European bank eyes more work at Georgia’s 1,270-MW Enguri

With three units of the 1,270-MW Enguri Dam rehabilitated and operating, the European Bank for Reconstruction and Development (EBRD) is considering further support to fully restore Enguri, the primary source of power in Georgia.

In an August 22 report, EBRD noted it and the European Commission (EC) have been helping improve the blackout-plagued Georgia electricity system since 1997, in part by investing in Enguri. The hydro plant on the Enguri River was in urgent need of rehabilitation at the time of the breakup of the Soviet Union in 1991.

With a US$38.75 million loan from the EBRD and a grant of 9.4 million euros (US$12 million) from the EC, Georgia carried out the rehabilitation. The work was complicated by the fact the hydro plant is on a disputed frontier of Abkhazia, a territory that has long fought for independence from Georgia. Abkhazia checkpoints allowed Georgian technicians access to Enguri in return for a pledge of free electricity.

In 2002, Voith Siemens Hydro Power Generation received a 23 million euro (US$23.46 million) contract from Engurihesi Ltd. for four years of modernization work on three of the five generating units, including mechanical and electrical components such as generator stator windings and cores, governors, valve controls, and switchgear.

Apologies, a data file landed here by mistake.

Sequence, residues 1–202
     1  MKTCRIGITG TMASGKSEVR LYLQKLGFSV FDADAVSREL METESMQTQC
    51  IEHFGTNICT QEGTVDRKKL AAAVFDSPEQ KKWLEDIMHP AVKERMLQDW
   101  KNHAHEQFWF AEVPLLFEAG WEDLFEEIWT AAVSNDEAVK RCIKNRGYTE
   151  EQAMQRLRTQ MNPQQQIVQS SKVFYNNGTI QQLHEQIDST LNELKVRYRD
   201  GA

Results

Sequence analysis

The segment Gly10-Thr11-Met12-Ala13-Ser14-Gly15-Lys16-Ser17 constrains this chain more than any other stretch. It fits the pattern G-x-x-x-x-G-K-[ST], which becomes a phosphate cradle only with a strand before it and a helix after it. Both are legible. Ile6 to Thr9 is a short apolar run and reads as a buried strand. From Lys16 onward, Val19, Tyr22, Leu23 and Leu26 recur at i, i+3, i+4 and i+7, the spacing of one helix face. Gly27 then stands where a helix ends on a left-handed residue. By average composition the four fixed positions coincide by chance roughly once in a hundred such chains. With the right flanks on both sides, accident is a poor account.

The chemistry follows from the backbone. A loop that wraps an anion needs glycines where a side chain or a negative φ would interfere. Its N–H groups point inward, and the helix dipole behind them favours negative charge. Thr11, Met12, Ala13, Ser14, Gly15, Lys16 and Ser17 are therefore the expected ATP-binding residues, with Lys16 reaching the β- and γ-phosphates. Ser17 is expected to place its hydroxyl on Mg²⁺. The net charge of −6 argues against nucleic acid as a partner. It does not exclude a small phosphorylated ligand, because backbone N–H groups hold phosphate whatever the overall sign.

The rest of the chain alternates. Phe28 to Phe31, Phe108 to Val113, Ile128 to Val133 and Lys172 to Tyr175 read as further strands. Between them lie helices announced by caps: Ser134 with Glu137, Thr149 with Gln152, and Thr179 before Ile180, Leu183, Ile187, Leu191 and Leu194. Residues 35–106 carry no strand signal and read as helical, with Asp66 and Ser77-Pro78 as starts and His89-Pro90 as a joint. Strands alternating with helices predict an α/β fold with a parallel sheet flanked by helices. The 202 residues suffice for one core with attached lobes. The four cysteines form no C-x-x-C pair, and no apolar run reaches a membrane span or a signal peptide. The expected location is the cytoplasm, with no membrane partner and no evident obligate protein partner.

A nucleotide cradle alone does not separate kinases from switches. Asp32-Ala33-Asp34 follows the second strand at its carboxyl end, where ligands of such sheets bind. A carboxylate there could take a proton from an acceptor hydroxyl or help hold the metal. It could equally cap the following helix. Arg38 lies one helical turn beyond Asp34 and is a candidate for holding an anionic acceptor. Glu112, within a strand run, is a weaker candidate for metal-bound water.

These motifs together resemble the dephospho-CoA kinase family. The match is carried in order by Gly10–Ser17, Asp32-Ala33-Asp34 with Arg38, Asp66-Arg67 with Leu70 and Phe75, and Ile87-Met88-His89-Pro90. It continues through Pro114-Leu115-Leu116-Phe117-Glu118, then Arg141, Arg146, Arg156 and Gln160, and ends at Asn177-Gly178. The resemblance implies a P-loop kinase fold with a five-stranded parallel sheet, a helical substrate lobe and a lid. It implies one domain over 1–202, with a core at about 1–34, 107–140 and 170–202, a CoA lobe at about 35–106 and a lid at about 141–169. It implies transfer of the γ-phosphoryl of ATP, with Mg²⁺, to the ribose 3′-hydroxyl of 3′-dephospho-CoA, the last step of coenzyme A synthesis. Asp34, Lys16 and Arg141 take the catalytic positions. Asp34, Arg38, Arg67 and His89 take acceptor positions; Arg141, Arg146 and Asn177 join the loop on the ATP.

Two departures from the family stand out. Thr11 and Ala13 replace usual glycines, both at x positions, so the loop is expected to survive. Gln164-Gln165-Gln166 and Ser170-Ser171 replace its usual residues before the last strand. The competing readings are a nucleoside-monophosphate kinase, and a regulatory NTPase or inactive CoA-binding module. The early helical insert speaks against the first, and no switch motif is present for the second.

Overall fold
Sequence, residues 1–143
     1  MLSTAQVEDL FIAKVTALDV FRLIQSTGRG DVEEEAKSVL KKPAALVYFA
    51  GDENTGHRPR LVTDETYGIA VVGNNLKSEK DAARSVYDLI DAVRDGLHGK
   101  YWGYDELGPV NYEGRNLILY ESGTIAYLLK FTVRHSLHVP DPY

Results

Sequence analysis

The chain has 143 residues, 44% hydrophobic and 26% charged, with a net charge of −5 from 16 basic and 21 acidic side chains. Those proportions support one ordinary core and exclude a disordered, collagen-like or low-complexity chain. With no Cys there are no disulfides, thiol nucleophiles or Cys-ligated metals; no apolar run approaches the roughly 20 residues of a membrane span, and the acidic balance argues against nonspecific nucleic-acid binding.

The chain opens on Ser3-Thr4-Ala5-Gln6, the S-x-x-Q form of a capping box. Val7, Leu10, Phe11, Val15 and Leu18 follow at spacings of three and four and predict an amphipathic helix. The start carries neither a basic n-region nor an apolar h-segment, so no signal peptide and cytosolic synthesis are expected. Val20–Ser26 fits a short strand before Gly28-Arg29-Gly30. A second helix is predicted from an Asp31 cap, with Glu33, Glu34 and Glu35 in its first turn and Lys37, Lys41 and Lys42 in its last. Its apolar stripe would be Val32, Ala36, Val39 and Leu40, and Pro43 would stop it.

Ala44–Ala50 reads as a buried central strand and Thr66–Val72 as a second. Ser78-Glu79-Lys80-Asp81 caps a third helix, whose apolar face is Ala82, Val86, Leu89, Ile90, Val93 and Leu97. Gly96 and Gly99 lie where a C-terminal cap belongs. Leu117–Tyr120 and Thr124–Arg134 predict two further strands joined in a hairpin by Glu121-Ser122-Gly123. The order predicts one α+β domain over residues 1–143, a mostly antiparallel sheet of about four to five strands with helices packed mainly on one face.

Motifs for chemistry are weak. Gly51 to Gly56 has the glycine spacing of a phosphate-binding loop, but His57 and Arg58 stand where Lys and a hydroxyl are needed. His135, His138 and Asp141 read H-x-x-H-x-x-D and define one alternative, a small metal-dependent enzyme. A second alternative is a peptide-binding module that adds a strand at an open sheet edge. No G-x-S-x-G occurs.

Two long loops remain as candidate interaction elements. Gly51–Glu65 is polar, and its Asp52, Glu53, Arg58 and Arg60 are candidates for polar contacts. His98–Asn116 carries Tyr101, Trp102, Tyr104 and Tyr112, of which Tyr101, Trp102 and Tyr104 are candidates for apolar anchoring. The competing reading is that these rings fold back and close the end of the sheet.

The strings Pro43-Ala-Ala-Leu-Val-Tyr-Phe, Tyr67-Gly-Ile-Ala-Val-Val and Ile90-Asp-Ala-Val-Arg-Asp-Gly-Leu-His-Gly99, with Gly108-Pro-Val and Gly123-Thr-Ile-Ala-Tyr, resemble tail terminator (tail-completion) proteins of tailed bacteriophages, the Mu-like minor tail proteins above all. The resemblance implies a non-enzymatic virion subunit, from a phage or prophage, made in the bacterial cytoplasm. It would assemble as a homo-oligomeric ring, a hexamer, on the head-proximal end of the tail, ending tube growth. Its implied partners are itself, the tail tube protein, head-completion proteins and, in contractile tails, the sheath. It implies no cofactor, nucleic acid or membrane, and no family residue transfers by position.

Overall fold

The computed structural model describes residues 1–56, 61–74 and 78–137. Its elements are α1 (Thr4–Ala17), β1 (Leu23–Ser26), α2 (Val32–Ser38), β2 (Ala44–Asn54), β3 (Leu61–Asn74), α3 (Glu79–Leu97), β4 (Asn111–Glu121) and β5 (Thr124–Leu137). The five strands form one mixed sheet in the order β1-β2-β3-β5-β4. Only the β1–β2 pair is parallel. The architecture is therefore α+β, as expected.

In March, the plant was shut down to allow restoration of the pressure gallery, valve chamber, pressure tunnel, and dam monitoring equipment. Project Manager Malkhaz Tskvitishvili said 5.3 kilometers of flooded galleries were rehabilitated.

Three Enguri units restored to service in July

All three refurbished generating units were restored to service in July, Tskvitishvili said.

EBRD said it now is considering extending its loan to cover rehabilitation of the remaining two generating units.

In other recent activity, Georgia’s Ministry of Energy recruited consultants for a strategic environmental assessment of a power generation plan for the former Soviet republic. The work is part of a World Bank-funded project to restore the 700-MW Khudoni hydropower project and establish Khudoni’s position in a power generation expansion plan. (HNN, 7/5/06)

Additionally, Czech Republic hydropower operator Energo-Pro acquired six Georgia hydroelectric projects totaling 361.4 MW in a June privatization auction. (HNN, 6/23/06) The Energy Ministry also offered investors the opportunity to build 32 small and three medium-sized hydropower stations, totaling an estimated 961.5 MW, on a build-own-operate basis. (HNN, 3/16/06)

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